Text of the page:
Air Pollution and Human Health

Our focus is understanding the interactions between exposure to air pollutants and health – from a cellular to whole-body approach, pre-cradle to death, toxicology to cognition, and impact on wellbeing, workplace productivity and health/social care demand and planning. The focus of our activities is upon investigating these links among different sub-populations in regional and national contexts within the United Kingdom and in affected low- and middle-income countries worldwide. 

In the West Midlands region, air pollution affects some 2.8 million people, reducing average life expectancy by several months and is responsible for direct and indirect economic costs of several hundred million pounds. The West Midlands Air Quality Improvement Programme (WM-Air) is a NERC-funded initiative, led by the University of Birmingham, working in collaboration with over 20 cross-sector partners, to apply environmental science expertise to support the improvement of air quality and associated health, environmental and economic benefits across the West Midlands. WM-Air will provide an improved understanding of pollution sources and levels in the region and new capability to predict health and economic impacts of potential policy measures.  

Blurred photograph of people walking on a large city center footpath, with the autumn sun shining through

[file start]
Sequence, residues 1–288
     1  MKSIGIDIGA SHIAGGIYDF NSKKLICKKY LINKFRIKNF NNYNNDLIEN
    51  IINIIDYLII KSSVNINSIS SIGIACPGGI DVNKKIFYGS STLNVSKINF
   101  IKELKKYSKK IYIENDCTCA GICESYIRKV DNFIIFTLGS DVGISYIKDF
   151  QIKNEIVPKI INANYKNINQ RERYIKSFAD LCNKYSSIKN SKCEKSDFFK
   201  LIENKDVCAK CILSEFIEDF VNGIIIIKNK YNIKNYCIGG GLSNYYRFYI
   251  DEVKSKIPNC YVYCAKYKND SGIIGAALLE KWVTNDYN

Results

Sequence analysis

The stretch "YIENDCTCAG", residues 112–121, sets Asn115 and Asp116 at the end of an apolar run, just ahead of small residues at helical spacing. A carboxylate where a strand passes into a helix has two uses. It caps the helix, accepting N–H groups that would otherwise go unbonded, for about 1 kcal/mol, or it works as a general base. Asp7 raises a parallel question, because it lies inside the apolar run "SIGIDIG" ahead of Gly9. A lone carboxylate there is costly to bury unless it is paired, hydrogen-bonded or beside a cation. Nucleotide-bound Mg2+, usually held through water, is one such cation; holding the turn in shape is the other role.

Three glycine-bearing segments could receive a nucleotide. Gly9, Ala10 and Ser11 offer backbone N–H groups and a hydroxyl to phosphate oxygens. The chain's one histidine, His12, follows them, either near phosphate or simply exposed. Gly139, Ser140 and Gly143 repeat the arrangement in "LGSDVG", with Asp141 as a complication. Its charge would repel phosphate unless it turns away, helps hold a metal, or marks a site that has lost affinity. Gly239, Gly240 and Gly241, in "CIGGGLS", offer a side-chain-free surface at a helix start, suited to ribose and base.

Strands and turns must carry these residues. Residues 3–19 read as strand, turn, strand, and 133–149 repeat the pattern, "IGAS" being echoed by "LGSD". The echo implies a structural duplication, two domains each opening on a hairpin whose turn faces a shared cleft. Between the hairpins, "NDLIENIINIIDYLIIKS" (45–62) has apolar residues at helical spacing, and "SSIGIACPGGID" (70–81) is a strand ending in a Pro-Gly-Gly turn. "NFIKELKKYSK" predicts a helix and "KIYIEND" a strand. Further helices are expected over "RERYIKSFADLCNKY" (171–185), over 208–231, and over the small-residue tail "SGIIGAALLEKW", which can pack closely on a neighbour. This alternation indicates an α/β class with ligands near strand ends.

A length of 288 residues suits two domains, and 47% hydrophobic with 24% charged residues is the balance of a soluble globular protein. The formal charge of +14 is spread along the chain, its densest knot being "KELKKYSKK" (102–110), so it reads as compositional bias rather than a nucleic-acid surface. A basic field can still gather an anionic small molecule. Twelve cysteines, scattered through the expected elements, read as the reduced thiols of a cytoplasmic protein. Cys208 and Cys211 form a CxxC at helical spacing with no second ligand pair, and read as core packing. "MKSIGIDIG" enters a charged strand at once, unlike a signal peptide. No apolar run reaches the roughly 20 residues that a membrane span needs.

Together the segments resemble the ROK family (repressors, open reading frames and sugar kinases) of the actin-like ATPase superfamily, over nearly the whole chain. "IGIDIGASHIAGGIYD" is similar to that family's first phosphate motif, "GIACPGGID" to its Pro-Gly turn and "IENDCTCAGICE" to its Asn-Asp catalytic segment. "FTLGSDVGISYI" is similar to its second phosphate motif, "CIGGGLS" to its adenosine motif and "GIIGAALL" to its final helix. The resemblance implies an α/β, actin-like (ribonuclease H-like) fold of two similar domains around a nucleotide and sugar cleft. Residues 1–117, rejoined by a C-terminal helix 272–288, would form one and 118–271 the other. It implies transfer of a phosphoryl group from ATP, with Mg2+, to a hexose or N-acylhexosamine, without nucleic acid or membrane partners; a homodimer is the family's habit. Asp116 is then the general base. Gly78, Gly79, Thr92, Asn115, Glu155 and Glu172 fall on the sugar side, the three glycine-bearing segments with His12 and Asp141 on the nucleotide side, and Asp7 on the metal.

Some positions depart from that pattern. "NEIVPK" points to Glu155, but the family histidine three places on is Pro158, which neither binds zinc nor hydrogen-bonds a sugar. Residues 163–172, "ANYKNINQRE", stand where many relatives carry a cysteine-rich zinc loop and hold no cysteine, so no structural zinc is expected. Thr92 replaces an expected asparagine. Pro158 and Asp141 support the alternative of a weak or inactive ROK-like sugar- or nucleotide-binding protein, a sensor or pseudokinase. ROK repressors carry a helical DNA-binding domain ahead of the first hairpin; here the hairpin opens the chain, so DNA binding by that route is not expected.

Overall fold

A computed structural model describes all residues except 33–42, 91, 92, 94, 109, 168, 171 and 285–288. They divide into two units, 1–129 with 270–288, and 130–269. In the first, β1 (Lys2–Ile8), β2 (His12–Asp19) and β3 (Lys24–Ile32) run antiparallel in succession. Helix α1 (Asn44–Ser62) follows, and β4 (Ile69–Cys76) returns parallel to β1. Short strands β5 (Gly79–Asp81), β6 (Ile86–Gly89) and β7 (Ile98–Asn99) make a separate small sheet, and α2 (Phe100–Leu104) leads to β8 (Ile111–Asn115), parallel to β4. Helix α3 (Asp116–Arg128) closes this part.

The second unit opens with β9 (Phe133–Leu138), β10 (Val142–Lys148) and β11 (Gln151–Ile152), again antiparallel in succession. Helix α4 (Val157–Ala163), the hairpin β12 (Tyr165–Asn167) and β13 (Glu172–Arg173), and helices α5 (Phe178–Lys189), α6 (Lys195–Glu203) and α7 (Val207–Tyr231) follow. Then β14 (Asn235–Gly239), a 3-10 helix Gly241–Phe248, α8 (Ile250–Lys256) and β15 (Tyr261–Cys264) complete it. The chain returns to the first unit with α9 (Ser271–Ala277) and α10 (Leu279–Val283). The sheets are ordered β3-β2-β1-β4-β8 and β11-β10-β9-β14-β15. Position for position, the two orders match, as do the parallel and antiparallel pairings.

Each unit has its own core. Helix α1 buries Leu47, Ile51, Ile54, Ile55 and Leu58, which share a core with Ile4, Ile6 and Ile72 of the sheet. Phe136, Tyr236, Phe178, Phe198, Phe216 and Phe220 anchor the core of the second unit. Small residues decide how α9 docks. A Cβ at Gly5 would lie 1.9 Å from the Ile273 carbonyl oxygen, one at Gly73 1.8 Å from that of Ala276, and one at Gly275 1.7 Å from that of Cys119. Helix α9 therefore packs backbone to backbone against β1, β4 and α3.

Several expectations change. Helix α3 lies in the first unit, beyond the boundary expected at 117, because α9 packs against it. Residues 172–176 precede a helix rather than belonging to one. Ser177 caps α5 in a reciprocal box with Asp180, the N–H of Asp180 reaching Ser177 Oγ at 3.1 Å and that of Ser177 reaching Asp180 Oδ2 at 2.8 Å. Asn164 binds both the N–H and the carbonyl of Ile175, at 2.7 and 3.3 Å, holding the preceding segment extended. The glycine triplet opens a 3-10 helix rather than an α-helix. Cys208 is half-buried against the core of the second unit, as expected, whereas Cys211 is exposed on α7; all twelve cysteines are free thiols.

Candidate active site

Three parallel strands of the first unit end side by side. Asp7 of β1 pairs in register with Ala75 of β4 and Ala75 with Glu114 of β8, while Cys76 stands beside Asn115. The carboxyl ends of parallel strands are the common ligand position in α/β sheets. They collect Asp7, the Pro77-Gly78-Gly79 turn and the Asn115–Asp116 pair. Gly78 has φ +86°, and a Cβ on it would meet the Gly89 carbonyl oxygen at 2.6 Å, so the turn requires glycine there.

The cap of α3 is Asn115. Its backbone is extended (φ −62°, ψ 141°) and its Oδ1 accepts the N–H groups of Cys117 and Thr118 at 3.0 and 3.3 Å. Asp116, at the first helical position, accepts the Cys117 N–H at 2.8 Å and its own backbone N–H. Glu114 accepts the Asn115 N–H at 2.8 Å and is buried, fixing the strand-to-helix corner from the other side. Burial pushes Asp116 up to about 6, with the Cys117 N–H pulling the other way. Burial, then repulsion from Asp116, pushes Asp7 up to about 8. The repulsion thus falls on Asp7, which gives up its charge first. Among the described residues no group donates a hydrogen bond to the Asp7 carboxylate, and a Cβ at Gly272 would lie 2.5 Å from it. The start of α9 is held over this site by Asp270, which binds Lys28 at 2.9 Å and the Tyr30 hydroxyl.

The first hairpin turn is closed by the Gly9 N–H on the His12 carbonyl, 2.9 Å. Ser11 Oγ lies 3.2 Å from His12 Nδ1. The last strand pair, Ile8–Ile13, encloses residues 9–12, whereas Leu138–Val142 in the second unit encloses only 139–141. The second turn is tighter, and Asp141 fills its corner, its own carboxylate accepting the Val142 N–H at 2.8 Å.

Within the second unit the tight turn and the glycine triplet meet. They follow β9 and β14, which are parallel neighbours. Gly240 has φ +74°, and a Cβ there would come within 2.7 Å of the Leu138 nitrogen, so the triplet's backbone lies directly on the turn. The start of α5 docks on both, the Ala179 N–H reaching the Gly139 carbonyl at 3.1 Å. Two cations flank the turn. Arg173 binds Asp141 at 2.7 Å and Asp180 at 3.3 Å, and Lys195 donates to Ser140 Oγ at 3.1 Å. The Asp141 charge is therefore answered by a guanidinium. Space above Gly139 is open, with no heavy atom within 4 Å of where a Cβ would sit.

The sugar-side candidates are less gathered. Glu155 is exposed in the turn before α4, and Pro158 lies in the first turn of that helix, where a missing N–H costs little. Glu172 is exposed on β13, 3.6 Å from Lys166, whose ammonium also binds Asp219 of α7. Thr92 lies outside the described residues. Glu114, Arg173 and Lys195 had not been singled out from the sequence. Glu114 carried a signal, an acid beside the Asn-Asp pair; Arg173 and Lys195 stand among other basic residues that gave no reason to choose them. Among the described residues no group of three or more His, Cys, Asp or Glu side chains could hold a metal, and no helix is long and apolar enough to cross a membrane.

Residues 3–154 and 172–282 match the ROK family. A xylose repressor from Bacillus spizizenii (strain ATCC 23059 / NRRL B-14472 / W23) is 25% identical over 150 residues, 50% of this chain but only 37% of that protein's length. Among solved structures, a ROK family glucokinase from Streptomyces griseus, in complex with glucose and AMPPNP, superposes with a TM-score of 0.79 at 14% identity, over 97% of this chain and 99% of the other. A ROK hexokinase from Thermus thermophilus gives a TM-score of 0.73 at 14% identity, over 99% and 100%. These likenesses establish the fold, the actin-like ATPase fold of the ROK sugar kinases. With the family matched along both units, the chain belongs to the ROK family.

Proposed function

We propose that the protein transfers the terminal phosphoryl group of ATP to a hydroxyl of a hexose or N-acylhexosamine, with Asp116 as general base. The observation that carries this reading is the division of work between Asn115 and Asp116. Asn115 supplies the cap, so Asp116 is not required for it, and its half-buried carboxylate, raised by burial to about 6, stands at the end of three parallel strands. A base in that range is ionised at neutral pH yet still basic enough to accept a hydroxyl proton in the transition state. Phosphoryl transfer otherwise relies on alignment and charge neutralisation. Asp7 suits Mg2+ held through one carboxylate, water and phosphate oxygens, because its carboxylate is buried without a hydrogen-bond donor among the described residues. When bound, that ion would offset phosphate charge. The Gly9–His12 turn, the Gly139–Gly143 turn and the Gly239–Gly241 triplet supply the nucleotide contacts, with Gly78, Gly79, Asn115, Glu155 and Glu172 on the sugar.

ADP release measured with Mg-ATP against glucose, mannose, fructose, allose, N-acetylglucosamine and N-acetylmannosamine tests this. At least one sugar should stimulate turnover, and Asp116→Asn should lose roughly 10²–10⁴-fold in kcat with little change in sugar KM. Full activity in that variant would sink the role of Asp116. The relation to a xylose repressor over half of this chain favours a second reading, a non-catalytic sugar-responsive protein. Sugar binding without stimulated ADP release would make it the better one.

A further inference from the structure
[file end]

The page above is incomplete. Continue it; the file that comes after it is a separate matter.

Approximately 4 million early deaths occur each year worldwide as a result of air pollution exposure associated with solid biomass fuels. Our interdisciplinary project with the University of Rwanda aims to investigate the public health impacts of household air pollution in Kigali, to inform the development of air pollution mitigation measures to improve population outcomes. 

A key emerging focus of this workstream is understanding the relationships between COVID-19, air quality and human health. We are analysing air pollution data to quantify the changes in air quality associated with emergency public health measures, in the UK and globally. In the West Midlands, this combines data from DEFRA and local authority monitoring stations, and from the Birmingham Air Quality Supersite on the University campus. At a global level, we are undertaking research with partners in Asia and sub-Saharan Africa to understand the impacts of the pandemic upon ambient air quality, biomass fuel choices and human health. 

Image of a sub-Saharan African market as a backdrop to women carrying goods on their heads in a traditional way in the foreground

Air Pollution and Human Health: Resources